“The contributors to this volume have found the language and concepts by which to interpret Leonard Howell and the origins of the Rastafari movement in the 1930s. This volume is richly documented from the archives, and from interviews, and is informed by multidisciplinary methods, so the reader is treated to an authoritative and comprehensive collection of essays.
“Leonard Howell was persecuted over five decades by the British colonial state and by Jamaican governments since independence in 1962. It is in this context that Howell defined the main tenets of the movement, a movement that has now spread globally. All the major themes of his thinking, such as African redemption, the divinity of Haile Selassie, repatriation, and the struggle for freedom and self-reliance are discussed.
Howell challenged British colonialism and Jamaican elites in a very different way from the approaches used by the middle-class intelligentsia. He focused, rather, on a new way of seeing God, King and self, thus creating an alternative way of being in the world. Developing Marcus Garvey’s focus on Africa, Leonard Howell and his followers reclaimed their ancestral identity from the dehumanized condition left by British slavery and colonialism. Howell’s communal settlement on ‘Pinnacle’ was an alternative communal space for Rastafari artisans, musicians and peasant farmers.”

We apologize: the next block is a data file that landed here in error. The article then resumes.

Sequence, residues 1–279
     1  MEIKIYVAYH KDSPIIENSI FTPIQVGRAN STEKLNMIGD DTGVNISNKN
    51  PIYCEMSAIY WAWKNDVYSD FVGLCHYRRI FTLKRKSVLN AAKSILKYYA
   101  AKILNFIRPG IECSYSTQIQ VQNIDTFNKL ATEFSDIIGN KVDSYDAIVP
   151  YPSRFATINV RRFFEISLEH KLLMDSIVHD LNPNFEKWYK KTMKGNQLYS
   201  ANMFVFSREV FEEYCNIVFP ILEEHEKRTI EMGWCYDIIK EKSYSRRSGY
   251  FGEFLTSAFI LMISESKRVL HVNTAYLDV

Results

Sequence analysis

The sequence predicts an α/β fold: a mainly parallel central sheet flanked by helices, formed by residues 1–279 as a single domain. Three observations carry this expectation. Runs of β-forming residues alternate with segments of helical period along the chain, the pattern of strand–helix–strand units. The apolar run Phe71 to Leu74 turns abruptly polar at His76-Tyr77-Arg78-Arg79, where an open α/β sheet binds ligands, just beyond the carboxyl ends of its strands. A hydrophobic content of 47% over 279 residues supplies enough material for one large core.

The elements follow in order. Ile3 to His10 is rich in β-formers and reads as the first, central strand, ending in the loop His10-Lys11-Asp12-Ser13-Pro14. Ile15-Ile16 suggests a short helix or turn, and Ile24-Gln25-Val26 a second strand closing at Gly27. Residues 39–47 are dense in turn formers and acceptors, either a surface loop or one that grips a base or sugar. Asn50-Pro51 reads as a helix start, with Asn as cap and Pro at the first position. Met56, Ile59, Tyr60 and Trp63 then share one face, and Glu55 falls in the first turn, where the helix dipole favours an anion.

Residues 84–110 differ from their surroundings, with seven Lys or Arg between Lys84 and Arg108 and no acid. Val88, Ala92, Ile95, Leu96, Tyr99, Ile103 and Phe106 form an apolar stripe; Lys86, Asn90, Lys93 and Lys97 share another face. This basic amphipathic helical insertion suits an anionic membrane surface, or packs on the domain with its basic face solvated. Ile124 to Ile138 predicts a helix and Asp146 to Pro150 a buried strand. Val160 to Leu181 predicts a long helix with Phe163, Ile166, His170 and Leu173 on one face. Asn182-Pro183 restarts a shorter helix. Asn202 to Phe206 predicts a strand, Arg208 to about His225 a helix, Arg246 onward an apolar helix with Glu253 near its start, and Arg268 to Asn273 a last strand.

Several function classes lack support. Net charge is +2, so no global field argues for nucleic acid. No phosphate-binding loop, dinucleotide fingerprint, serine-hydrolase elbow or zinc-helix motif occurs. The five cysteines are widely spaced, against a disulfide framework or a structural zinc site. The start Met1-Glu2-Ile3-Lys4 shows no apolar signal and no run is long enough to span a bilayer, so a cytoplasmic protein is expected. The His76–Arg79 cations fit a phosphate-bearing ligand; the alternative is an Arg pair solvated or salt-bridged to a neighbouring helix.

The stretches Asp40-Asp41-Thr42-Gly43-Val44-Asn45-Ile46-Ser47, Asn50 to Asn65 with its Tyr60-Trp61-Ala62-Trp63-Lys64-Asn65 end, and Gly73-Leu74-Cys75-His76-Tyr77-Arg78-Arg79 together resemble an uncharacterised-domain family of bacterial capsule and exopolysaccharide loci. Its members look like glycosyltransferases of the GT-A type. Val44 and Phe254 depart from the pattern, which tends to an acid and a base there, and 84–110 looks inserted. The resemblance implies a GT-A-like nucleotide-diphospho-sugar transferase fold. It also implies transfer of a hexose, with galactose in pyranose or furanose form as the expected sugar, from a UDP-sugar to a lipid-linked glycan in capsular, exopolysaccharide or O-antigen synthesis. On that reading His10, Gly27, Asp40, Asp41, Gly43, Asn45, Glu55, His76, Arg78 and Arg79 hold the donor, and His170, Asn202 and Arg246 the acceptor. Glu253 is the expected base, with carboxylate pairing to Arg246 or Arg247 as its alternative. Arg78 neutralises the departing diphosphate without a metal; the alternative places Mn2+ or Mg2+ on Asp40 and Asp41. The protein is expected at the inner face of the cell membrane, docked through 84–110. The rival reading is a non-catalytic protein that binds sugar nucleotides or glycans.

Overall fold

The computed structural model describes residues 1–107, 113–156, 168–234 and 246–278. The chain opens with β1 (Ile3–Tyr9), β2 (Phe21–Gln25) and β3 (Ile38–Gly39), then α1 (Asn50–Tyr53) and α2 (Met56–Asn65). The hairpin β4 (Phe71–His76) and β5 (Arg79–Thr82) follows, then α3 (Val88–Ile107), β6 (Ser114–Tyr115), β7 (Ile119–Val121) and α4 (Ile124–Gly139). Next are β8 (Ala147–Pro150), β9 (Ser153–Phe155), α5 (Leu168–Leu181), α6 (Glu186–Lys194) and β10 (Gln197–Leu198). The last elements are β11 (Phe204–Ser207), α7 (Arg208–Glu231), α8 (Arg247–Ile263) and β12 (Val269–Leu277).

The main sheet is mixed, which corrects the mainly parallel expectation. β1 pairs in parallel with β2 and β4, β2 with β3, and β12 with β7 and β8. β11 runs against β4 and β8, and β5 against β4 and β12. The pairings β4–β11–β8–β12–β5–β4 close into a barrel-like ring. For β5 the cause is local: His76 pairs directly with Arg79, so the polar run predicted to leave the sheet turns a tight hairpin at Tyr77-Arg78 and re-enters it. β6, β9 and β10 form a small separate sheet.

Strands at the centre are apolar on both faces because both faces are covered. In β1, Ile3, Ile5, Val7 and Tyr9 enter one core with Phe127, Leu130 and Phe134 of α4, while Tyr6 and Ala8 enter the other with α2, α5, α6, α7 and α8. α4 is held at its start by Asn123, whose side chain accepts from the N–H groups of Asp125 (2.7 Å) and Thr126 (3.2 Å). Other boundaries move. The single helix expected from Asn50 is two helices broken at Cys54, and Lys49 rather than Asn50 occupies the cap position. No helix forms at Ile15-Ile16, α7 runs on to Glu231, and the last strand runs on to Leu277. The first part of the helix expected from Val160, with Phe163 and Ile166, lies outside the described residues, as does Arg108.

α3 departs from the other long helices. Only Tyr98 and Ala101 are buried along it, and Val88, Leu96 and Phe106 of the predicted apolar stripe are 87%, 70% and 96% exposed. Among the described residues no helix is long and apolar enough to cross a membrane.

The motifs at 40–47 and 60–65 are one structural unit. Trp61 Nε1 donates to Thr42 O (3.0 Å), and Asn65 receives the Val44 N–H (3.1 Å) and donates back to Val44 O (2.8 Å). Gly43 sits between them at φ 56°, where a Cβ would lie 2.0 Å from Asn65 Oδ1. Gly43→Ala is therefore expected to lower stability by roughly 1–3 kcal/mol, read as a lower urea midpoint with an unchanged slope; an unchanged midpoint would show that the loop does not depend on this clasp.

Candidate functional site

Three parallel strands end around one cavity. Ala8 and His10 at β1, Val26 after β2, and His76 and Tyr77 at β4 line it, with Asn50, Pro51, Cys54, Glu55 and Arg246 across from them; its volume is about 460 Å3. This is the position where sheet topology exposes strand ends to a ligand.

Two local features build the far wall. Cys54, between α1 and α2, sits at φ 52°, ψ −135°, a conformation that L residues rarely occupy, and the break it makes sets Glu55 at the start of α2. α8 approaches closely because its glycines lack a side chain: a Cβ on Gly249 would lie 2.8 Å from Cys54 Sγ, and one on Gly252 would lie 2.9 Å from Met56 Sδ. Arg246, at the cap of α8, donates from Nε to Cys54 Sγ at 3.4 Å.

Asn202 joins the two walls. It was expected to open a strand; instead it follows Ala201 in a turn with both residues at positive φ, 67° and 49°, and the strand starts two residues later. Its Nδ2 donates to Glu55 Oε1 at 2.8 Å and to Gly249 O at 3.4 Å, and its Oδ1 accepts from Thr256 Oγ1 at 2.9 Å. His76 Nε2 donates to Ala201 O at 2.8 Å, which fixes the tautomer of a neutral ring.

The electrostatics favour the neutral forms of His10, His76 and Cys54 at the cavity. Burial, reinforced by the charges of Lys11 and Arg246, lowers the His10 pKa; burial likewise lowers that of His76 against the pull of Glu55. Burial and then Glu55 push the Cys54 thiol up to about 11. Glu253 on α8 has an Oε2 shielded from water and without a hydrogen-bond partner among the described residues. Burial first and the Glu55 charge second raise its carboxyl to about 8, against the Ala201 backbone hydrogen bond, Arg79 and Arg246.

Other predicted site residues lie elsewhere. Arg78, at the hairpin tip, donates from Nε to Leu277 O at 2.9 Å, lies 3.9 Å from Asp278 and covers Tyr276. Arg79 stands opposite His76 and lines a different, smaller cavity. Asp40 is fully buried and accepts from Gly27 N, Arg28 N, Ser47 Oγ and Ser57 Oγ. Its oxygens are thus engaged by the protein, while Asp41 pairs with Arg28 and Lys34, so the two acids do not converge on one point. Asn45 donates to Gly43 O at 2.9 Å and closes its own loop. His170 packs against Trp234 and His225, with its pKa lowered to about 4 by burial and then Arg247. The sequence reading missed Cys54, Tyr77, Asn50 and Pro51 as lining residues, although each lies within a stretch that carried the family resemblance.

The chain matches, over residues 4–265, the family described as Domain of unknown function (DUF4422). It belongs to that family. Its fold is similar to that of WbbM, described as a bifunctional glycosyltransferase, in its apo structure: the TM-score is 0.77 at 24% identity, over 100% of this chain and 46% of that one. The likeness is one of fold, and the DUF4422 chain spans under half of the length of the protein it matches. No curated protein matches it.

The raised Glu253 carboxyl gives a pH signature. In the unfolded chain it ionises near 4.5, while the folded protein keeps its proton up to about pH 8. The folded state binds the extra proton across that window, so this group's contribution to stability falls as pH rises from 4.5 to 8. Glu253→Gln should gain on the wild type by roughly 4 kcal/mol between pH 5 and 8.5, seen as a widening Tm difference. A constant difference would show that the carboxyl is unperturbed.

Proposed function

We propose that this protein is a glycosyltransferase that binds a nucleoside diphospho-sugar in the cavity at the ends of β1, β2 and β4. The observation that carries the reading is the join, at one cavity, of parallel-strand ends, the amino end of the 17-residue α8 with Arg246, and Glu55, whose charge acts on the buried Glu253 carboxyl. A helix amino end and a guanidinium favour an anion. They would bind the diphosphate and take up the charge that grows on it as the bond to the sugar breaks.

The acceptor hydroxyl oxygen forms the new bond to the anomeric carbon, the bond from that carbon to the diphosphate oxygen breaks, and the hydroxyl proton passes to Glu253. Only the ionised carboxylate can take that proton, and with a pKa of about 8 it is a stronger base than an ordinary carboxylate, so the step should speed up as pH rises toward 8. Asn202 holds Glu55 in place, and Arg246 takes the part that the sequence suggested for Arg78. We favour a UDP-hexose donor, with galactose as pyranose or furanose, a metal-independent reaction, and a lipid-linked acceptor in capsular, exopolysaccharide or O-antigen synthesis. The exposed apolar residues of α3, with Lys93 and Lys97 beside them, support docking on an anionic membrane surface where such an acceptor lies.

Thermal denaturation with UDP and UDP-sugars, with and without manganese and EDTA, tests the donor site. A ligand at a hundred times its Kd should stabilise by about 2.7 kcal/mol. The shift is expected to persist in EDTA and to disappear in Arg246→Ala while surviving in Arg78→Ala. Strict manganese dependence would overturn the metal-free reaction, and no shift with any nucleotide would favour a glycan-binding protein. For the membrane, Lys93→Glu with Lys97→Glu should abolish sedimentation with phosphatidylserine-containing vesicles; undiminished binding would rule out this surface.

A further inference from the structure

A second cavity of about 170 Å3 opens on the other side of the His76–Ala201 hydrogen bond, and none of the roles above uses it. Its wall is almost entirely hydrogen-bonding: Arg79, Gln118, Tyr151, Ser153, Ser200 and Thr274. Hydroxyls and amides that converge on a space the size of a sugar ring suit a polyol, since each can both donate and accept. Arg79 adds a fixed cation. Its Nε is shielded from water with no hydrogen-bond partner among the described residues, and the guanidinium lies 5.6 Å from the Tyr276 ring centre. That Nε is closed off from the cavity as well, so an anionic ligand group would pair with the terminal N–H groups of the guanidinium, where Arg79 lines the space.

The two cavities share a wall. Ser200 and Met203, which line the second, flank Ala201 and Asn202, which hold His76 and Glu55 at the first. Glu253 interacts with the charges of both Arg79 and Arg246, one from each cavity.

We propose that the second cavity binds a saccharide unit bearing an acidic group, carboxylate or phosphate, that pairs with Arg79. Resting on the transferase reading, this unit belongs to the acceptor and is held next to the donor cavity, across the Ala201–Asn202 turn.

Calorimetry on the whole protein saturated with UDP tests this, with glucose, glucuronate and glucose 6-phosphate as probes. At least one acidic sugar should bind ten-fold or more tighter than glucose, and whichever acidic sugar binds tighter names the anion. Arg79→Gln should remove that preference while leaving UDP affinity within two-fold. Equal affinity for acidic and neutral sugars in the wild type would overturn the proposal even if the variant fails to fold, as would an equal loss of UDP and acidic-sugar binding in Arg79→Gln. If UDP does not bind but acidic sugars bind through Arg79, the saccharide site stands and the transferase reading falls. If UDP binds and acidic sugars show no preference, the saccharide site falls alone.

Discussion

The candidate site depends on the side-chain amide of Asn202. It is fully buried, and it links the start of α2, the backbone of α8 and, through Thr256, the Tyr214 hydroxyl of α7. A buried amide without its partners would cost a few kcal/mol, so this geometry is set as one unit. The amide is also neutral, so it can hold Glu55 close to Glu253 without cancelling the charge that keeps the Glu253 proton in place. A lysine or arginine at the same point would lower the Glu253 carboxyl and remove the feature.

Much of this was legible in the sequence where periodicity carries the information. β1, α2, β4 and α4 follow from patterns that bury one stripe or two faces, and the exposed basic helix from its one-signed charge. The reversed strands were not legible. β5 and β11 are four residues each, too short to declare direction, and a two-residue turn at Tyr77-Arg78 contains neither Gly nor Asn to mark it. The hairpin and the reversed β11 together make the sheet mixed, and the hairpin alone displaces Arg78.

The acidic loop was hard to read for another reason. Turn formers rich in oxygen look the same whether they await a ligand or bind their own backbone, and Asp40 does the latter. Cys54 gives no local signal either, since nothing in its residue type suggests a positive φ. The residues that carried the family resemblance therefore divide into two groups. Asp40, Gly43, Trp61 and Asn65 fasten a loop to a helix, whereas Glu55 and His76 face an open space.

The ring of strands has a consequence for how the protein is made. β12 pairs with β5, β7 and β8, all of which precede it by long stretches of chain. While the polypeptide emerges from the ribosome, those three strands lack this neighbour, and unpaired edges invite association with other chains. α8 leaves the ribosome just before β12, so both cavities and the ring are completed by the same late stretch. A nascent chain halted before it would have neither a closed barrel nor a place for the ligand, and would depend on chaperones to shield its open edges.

—Rupert Lewis, Professor Emeritus, Department of Government, University of the West Indies, Mona, Jamaica
CONTRIBUTORS: Petrine Archer, Michael A. Barnett, Allan Bernard, Christopher A.D. Charles, Edward Dixon, D.A. Dunkley, Clinton A. Hutton, I-Nation (Kirk Scarlett), K’adamawe A.H.N. K’nife, Miguel Lorne, Louis Moyston, Jahlani A.H. Niaah, James Robertson
Books by the Author